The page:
CONTRIBUTORS

OP-ED: Three Mile Island cleanup needs to be fully funded

Arthur E. Morris and Eric J. Epstein
Reactors on Three Mile Island during a closure event for the nuclear power station Friday, Sept. 20, 2019. TMI began commercial operations in 1974. The event was sponsored by Clean Jobs for Pennsylvania, a coalition formed in support of the state's nuclear power facilities. Bill Kalina photo

We are writing in regard to the recent announcement by the Nuclear Regulatory Commission to grant approval, without a hearing, to FirstEnergy to transfer TMI-2’s license to Energy Solutions, a limited liability corporation from Utah with no assets. We speak in opposition to such a move.

Before explaining our concerns, let us tell you a little about the writers.

Eric Epstein became involved with Three Mile Island issues in December 1982 after he returned home from college. He was  23, and joined the Susquehanna Valley Alliance. Epstein has been the spokesperson or chairman of Three Mile Island Alert since 1984. TMI-Alert, a safe-energy organization founded in 1977, monitors the Peach Bottom, Three-Mile Island and Susquehanna nuclear power plants. Epstein has conducted research and provided testimony relating to decommissioning, decontamination, and emergency planning before the NRC. He attended  many of the TMI Advisory Panel meetings.

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Arthur Morris, a registered Professional Civil Engineer, was employed by the City of Lancaster from 1970 to 1980, initially as the City Engineer and then the Public Works Director. At the age of 33, he was elected mayor of Lancaster serving from 1980 to 1990. Following the 1979 core-melt down accident at Three Mile Island Unit 2, Morris was one of 12 individuals asked by the NRC to serve on an independent Advisory Panel to consult with them on the decontamination and cleanup of the facility.  The panel was comprised of local citizens, local elected officials and scientists. Morris served as its chair from the early 1980s until it was disbanded in 1992.

Epstein, a Democrat, and Morris, a Republican, first met in 1983 in the mayor’s office in Lancaster. The meeting was rocky, but marked the beginning of a 37-year journey to ensure that the cleanup of the Three Mile Island was adequately funded.

The TMI-2 Advisory Panel met 78 times, holding public meetings in the vicinity of TMI-2 and meeting regularly with NRC. The panel provided an invaluable forum for community residents to ask questions and register concerns relating to cleanup issues including the reactor head lift, removal of damaged fuel, and disposal of 2.3 million gallons of accident-generated water.  One constant theme that emerged from all sides was the desire to make sure that adequate funding was in place to fund the TMI cleanup.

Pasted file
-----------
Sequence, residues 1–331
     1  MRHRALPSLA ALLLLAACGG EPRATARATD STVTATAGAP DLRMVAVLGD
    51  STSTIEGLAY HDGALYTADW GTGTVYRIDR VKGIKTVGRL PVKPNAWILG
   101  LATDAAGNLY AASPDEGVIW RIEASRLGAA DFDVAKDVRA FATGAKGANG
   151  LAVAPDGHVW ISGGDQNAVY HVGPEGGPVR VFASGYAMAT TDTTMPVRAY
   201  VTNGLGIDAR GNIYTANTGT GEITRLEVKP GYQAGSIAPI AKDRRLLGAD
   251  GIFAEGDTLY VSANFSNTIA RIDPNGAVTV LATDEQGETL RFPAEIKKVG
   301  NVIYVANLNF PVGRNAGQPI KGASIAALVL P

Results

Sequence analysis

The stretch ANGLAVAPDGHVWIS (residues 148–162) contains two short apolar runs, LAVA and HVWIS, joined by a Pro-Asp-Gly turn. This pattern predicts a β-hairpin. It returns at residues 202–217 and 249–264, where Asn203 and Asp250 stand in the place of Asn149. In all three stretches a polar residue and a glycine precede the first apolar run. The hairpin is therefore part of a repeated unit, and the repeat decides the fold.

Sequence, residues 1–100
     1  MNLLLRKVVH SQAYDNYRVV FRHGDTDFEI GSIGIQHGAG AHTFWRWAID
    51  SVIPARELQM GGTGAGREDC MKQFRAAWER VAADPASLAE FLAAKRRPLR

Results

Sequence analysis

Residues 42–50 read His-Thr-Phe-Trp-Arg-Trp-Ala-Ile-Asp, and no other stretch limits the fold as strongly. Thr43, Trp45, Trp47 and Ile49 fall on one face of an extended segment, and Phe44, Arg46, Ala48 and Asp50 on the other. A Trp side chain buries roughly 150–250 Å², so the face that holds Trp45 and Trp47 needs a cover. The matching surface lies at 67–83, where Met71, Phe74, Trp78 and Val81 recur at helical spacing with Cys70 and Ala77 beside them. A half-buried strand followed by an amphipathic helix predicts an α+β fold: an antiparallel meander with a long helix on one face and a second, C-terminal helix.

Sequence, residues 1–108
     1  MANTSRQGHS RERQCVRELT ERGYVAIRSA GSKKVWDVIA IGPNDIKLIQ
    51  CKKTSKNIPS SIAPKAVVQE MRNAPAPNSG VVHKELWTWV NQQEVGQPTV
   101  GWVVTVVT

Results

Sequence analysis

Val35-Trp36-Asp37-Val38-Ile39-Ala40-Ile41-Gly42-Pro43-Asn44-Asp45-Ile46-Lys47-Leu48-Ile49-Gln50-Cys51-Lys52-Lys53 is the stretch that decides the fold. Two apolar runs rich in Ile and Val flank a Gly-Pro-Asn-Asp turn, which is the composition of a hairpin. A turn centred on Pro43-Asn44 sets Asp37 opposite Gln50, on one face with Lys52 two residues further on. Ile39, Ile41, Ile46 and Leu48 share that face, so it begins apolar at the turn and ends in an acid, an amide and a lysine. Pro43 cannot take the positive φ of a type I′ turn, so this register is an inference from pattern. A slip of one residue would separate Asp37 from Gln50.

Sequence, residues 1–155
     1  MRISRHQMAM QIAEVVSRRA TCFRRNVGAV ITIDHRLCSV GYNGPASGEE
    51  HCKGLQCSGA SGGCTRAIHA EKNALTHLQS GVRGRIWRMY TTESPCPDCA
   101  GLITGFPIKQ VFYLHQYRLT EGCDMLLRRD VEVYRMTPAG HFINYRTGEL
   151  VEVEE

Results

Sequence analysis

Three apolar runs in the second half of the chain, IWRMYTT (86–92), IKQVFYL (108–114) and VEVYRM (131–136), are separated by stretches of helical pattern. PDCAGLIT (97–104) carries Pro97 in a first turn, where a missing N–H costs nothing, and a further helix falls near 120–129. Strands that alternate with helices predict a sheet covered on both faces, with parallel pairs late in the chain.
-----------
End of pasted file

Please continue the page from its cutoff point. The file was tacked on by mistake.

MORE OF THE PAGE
Funding the TMI-2 cleanup has been problematic dating back to the accident in 1979. At that time, there were no decommissioning funds set aside. In 1982, Gov. Richard Thornburg cobbled together the Thonburgh Plan — a $1 billion fund to pay for the removal of the damaged fuel. But, funding problems did not go away. On Oct. 25, 1988, Morris told the NRC Commissioners:  “... there is no specific funding plan in place, and consequently no guarantee that monies will be in place for cleanup following PDMS [Post-Defueling Monitored Storage] ...This uncertainty troubled the panel.”    

In 1988, almost 10 years after the accident, the NRC began requiring owners to certify that sufficient money would be available when needed to decommission their nuclear plants. Twenty years later, on March 26, 2018, the NRC estimated the decommissioning price tag for TMI-2 to be $1.3 billion. However, the cost for the clean up, based on FirstEnergy’s estimates, is $1.4 billion. That amount doesn’t cover radioactive waste removal.

The NRC recently granted FirstEnergy approval — without a hearing — to transfer TMI-2’s license. The new owner, TMI-2 Solutions, is a limited liability corporation from Utah with no assets. The problem remains the same, except the underfunded cleanup plan has been handed off from a public utility to an underfunded private venture. There is approximately $900 million in the cleanup fund, which is $500 million less than is needed to get the job done. Still, in defiance of logic, the NRC granted the transfer of the license to TMI-Solutions.

What happens if TMI-2 Solutions runs out of money? The NRC will allow the cleanup to stop until such time as the trust fund earns enough interest to restart. Who is going to make up the shortfall? You can bet it will not be TMI-2 Solutions. Remember that the price tag for removing the damaged fuel, was underwritten by insurers, rate payers and taxpayers.

We have raised concerns for almost four decades about inadequate cleanup funding. Regardless of your position on nuclear power, or your party affiliation, funding should be in place to accomplish a complete cleanup, and ensure removal of high-level radioactive waste from Three Mile Island.

— Arthur E. Morris is the former mayor of Lancaster and chairman of the TMI-Advisory Panel; and Eric J. Epstein is chairman of Three Mile Island Alert, Inc.